July 24, 2019
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How Maine’s concealed weapons law defies research on guns

George Danby | BDN
George Danby | BDN

In this summer of gun-related tragedies — the shooting deaths of nine in a Charleston, South Carolina, church; five service members dead in Chattanooga, Tennessee; a rampage in Aroostook County that left two dead and several wounded; and an ongoing manhunt in Piscataquis County for the alleged killer of Stephanie Gebo — we stop to ponder the logic of An Act to Authorize the Carrying of Concealed Handguns without a Permit.

As nurses, we have a very specific perspective.

The American Nurses Association advocates for nurses “to participate in the development … [and] implementation of policies that protect patient health and safety … and establish a culture of safety.” We as nurses believe our responsibility extends to the health and safety of our communities, too, and therefore feel compelled to share our concerns about the direction gun policies are taking.

We see policies in Maine and across the country as a threat to safety — a matter that far supersedes the right to bear arms, regardless of how you interpret the Second Amendment to the U.S. Constitution. According to the American Public Health Association, guns kill 30,000 people and injure 60,000 each year. Between 2003 and 2010, $18.9 billion was spent on hospital care for gun-related injuries. Can we really afford that?

We as nurses also believe in “evidence-based practice,” where health and safety are concerned. That applies to the development of policy and practice based on rigorous scientific research instead of beliefs or tradition. Research about gun use, gun policy and public safety is not prolific, though. Since 1996 certain federal laws actually have prohibited the use of federal funds to conduct the research needed to better understand the public health hazard that guns have become. With such limited evidence, we risk passing poorly informed policy.

Despite the obstacles to research funding, there is some remarkable evidence linking gun policies and citizens’ safety.

A 2014 review of 15 studies co-written by Drs. Andrew Anglemyer, Tara Horvath and George Rutherford and published in the Annals of Internal Medicine finds conclusively that having a gun in a home makes one more likely to successfully attempt suicide or be a victim of homicide. They also found that mental illness does not increase the risk of committing suicide or being killed by a gun.

In another review published by the American Journal of Medicine in 2013, Drs. Sripal Bangalore and Franz Messerli debunked the belief that guns make a country safer. They compared the rate of firearms-related deaths in 27 countries. The U.S., with the most guns per head in the world, has the highest rate of deaths from firearms, while Japan, which has the lowest rate of gun ownership, has the least. High rates of mental illness in any country, on the other hand, did not predict more gun deaths. Guns predicted gun deaths.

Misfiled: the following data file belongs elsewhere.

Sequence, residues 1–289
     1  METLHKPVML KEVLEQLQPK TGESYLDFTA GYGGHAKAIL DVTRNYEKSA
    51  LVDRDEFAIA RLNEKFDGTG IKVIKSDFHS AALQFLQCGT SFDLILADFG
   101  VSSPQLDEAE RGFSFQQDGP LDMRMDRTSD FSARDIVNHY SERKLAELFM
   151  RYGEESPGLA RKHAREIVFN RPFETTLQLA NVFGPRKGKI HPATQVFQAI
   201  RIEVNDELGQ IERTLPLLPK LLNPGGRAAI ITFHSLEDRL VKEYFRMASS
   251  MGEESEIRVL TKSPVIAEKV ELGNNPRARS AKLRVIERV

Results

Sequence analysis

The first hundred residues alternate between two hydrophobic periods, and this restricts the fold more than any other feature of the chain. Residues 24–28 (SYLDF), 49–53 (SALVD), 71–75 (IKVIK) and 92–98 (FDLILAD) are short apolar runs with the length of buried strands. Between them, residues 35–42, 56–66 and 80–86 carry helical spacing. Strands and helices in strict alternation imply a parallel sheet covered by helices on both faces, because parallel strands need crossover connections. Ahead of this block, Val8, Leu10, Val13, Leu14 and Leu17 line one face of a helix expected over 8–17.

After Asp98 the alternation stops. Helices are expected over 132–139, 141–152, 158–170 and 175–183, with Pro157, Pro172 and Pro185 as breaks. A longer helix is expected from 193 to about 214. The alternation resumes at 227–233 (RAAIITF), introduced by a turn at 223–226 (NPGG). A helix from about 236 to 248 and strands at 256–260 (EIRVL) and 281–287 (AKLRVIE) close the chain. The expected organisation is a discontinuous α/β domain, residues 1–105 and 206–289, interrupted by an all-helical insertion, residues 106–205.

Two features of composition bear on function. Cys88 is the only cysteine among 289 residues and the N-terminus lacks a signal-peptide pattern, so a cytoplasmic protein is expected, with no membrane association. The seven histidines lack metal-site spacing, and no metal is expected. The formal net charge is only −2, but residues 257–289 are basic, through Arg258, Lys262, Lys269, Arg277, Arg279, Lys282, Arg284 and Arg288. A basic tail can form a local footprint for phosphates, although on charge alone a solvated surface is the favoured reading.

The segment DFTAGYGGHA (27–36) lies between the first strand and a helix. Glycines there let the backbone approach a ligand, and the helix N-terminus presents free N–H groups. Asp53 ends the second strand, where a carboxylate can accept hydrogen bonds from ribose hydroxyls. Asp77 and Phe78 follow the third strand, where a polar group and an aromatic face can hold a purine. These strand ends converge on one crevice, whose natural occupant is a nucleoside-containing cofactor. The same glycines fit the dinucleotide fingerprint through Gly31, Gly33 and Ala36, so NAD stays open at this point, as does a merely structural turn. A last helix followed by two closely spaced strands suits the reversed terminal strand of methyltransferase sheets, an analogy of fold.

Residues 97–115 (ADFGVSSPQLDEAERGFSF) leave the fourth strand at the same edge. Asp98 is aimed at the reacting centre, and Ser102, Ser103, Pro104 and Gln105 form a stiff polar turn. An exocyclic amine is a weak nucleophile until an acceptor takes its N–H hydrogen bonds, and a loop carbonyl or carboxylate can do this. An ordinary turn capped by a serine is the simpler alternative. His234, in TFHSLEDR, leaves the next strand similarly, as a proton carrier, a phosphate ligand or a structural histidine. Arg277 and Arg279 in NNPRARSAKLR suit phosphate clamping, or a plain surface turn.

Drs. Eric Fleegler, Lois Lee, Michael Monteaux, David Hemenway and Rebekah Mannix examined state gun laws and their relationship to gun deaths in a 2013 article in the Archives of Internal Medicine. States with laws that curb firearm trafficking, strengthen background checks on purchasers of firearms beyond those required by the Brady Handgun Violence Prevention Act, ensure child safety, ban military-style assault weapons and restrict guns in public places have significantly lower homicide and suicide rates. It seems clear to us that, although guns have an important place in our culture for hunting and sport, they also can be associated with poor decisions and tragic outcomes. It also follows that with fewer guns around, we wouldn’t need them for self-defense.

The Maine Legislature’s ill-conceived law allowing people to carry concealed weapons without a permit does not restrict but instead allows more guns in public places. It, therefore, puts the health and safety of Maine residents at risk.

If guns are for sport and hunting, why do we need to conceal them? We urge our legislators to rethink and rescind the law. We support and urge legislation that will strengthen universal background checks; fund new technology, such as improved mental health and gun ownership databases; require increased education about keeping guns away from household members who would not safely use them; and establish and fund community programs for violence and suicide prevention and anger management.

Cathleen Goebel, RN, lives in Lamoine. Mary Cahoon, RN, lives in Hancock. Dr. Moira O’Neill, RN, lives in Surry.

 



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